“Although hurricanes and tornadoes are, in fact, cyclones, the vast majority of cyclones are not hurricanes and tornadoes. The term cyclone simply refers to the circulation around any low-pressure center, no matter how large or intense it is.”


“Cyclones form along fronts and proceed through a somewhat predictable life cycle.”


“Any factor that destabilizes the air aids in generating a thunderstorm. Since many processes do affect the stability of the air, it should come as no surprise that thunderstorms can be triggered in a number of ways. For convenience of discussion, we will divide thunderstorms into three types: (1) isolated thunderstorms produced within tropical air masses, (2) thunderstorms produced by forceful lifting, either frontal or orographic, and (3) thunderstorms produced along squall lines”.


“Tornadoes are local storms of short duration that may be ranked high among nature’s most destructive forces. The lack of forewarning, the incredible fury of its winds, and the near total destruction of the stricken area have led many to liken its passage to a bombing raid during war.

Tornadoes, sometimes called twisters or cyclones, are intense centres of low pressure having a whirlpool-like structure of winds rotating around a central cavity where centrifugal force produces a partial vacuum.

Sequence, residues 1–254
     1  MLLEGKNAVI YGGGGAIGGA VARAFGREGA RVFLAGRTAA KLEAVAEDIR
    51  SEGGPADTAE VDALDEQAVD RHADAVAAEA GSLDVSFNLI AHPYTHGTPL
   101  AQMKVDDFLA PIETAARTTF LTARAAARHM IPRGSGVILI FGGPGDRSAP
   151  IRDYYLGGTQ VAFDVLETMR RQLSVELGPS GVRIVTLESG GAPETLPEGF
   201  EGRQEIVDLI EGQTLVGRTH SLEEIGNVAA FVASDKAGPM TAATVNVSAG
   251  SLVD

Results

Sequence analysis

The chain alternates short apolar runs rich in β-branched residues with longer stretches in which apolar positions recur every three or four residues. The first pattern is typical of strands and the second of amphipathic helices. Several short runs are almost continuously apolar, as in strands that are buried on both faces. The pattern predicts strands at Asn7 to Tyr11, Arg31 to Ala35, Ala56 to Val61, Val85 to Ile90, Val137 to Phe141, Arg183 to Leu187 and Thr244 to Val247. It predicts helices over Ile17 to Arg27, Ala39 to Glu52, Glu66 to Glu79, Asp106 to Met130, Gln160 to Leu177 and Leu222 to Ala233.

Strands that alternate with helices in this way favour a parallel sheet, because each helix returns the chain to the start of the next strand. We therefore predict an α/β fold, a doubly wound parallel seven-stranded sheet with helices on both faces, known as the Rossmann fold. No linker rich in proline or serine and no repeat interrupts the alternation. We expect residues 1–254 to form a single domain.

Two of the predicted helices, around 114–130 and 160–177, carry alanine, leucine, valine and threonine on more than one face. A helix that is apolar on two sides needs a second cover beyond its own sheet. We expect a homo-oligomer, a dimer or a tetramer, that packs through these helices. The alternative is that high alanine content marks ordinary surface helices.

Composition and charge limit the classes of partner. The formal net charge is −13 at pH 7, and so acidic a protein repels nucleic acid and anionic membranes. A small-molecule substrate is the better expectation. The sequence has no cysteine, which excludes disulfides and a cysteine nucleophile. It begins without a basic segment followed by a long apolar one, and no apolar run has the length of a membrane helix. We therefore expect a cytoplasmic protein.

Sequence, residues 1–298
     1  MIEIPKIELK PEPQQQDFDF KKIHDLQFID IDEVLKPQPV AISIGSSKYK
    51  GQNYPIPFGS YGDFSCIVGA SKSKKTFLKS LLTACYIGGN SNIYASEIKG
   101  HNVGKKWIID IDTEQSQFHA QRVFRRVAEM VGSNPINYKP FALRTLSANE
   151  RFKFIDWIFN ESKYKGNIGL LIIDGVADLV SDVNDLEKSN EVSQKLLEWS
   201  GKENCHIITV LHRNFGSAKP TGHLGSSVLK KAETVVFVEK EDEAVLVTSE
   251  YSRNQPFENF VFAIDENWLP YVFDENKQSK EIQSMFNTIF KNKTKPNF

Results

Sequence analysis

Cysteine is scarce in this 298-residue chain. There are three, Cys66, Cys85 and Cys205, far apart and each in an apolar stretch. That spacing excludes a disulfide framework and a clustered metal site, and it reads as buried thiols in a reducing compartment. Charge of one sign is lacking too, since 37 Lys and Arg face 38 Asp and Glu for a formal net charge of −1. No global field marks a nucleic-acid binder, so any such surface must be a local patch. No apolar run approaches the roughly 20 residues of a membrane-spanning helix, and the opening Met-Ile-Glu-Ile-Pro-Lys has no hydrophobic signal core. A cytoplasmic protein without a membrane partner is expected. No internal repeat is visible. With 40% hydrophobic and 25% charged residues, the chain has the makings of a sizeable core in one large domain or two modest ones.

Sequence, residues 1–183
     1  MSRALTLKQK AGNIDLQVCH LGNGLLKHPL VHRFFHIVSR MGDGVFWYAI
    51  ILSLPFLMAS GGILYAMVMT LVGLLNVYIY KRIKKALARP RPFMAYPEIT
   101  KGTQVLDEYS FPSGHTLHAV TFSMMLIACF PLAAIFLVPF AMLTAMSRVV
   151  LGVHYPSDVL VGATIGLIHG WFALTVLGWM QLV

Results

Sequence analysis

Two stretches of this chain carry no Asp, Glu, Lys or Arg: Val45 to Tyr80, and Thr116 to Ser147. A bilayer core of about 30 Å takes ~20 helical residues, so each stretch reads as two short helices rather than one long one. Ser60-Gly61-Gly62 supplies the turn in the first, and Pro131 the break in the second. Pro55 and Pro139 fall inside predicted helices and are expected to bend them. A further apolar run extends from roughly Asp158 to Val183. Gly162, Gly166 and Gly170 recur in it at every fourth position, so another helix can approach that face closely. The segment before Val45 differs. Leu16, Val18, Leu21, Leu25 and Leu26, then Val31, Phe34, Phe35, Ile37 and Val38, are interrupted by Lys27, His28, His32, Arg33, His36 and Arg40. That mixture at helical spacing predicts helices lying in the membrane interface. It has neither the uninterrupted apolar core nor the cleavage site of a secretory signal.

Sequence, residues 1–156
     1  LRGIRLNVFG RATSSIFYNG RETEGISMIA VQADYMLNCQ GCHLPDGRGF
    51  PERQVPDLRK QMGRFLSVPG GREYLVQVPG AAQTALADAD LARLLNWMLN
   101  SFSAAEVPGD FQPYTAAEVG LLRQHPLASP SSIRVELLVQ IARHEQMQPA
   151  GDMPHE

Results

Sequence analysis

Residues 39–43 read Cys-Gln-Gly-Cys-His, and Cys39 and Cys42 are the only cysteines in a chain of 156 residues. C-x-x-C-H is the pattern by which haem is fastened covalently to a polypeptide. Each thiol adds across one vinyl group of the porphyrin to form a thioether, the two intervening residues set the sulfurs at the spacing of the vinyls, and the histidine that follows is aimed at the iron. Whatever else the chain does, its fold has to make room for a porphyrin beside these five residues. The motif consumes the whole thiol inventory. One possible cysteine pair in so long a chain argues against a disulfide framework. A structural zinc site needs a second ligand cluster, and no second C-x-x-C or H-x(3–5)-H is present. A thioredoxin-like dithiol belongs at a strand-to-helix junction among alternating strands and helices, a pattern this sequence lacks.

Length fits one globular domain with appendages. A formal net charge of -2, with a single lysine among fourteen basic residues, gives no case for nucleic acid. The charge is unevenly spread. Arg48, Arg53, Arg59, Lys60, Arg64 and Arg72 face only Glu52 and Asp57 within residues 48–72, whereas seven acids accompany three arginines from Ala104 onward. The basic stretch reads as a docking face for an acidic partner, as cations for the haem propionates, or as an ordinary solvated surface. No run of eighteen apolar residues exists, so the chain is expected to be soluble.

Tornadoes are most often spawned along the cold front of a middle-latitude cyclone, in conjunction with cumulonimbus clouds and severe thunderstorms.”


“The whirling tropical cyclones that on occasion have wind speeds reaching 320 kilometres per hour are known in the United States as hurricane – the greatest storms on Earth.  These awesome storms form in all tropical waters (except those of the South Atlantic) between the latitudes of 5 degrees and 20 degrees (Figure 10-14).

A hurricane can be described as a heat engine that is fuelled by the energy liberated during the condensation of water vapour (latent heat).”

Air Pollution

[BOOK: “”The Big Smoke” by Peter Brimblecombe ]

(I have a small confession to make. This particular book, I chose it primarily because it just drew my attention. But I also thought it would be a nice introduction to the topic of air pollution. It’s about the condition of the coal burning London of the past.)